Our last blog here was based on a leaked version of the proposed changes to copyright in the EU. The official press release from the European Commission has how been released and – as expected – the announcement has already produced some strong views and heated debate.
In general the proposals will not please everyone. However they can be viewed as a starting point to achieving a fair digital market and an optimum copyright system that balances fairly the rights and interests of all parties concerned. Inevitably though they will take considerable time to be finalised and passed into EU law.
We had commented in our last blog on 2 of the main proposals being to introduce a new ‘neighbouring right’ and the obligation being placed on online platforms providing user generated content (“UGC”) to monitor and proactively report unlicensed/ infringing content. These proposals were intended to fill the so called ‘value gap’.
The new and official version of the draft proposal at recital 38 and 39 and Article 13 suggests the approach preferred will place still more onerous obligations on digital content providers such as (Google, YouTube etc).
These new proposals will require digital content providers, if they give access to large amounts (It is not immediately clear as to what this may mean? Is it meant to apply only to the larger UGC platforms who may by definition have more materials uploaded to them? In any event there are no parameters included) of copyright protected work to take measures to protect these by use of technology (presumably by filtering to check if content is copyright infringing) even when they are eligible for the hosting liability exception under Article 14 of Directive 2000/31/EC of the European Parliament. Also they must provide the rightholders with adequate information on how those measures have been working/ functioning, as well as, when relevant, adequate reporting on the recognition and use of the works concerned.
Also in contrast Article 15 of that existing Directive 2000/31/EC provides that there is no general obligation on ISPs to monitor the information which they transmit or store, nor a general obligation actively to seek facts or circumstances indicating illegal activity. This seems inconsistent or contradictory to this new revised proposal. Whilst Youtube already has its content ID technology which assists it to identify infringing content, it was expensive to develop and no doubt is expensive to maintain and keep up to date to deal with attempts to get around it. Less well-resourced or potential new entrants to this sector may be inhibited or even prevented from participating as a result of such new requirements.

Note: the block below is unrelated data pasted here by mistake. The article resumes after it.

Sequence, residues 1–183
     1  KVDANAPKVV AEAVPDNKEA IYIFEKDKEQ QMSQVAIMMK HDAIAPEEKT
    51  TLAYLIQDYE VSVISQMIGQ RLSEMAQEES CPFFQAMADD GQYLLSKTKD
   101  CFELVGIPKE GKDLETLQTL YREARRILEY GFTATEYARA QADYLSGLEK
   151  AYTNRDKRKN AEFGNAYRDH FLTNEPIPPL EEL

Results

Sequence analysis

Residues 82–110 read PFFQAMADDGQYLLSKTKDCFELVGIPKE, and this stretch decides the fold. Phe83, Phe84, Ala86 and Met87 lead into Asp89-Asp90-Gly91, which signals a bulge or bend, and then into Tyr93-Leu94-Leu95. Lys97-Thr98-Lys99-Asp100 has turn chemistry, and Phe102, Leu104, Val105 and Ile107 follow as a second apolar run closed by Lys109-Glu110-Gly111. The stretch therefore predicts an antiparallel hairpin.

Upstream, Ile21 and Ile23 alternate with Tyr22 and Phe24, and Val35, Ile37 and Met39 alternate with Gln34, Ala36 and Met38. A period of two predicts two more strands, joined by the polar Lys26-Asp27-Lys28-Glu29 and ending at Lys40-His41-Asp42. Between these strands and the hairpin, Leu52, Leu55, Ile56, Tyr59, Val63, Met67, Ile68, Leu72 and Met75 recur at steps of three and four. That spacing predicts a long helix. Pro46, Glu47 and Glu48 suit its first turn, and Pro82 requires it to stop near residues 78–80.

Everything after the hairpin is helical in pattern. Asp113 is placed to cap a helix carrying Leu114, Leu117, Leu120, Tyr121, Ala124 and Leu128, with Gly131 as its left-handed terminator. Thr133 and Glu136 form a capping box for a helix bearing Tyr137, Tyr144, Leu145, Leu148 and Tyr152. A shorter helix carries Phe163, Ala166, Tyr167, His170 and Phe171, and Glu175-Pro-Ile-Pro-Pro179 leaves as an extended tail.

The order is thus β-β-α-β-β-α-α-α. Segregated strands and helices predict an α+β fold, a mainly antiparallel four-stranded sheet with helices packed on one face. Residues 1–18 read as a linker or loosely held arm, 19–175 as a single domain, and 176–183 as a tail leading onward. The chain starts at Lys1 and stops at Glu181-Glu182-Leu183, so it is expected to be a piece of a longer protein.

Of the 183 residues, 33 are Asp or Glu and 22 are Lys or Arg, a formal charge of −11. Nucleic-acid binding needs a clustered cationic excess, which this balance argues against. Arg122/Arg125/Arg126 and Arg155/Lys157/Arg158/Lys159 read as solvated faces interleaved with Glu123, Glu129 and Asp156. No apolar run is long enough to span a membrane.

In addition the new ‘neighbouring right’ for publishers of news content will apply to ‘press publications’ as opposed to ‘news publications’ the words used in the original leaked draft. It maybe that the new wording is intended as a broader definition.
In any event these proposals are bound to create controversy and strong views are already being canvassed by parties with interests on respective sides of debate – the rights holders as the publishers will generally be in favour and the news aggregators/ search engines such as Google news will be against these as being costly to them. Indeed there are some suggestions that it will not be welcomed by all publishers either as the smaller ones benefit or even rely on the news aggregators/ Google as their publishing of news snippets and links drives traffic to their sites and content which they would not otherwise receive. If therefore the likes of Google news simply decide it is too costly for them to pay licence fees to publish the news material they may choose to stop doing it in the EU, which will of course not necessarily be good for those smaller publishers or the general public.
The final outcome will clearly be important and will affect the developing role of the likes of the YouTube and search engines such as Google – can they remain mere hosts or will they be forced to become the effective police of the internet? Interestingly, Facebook recently lost out on an attempt to strike out an Irish court case against it for damages for misuse of private information, negligence and breach of the Data Protection Act for failure to block re-publication of a compromising photograph of a young girl by using a tracking process to identify the image. The offending photograph was said to have been posted on a so-called shame page on Facebook several times between November 2014 and January 2016. Whilst not dependent on copyright infringement this decision effectively rejected the defence ‘we did not know’ in circumstances where it is feasible to implement techniques to trace infringing / offensive material on the web. The irony may be that the more ISPs and internet platforms are required to and do monitor and track uploaded content the more they will be potential liable as effectively being regarded as publishers.
Useful links to the Commissions communication and to the various draft Directives and Regulations: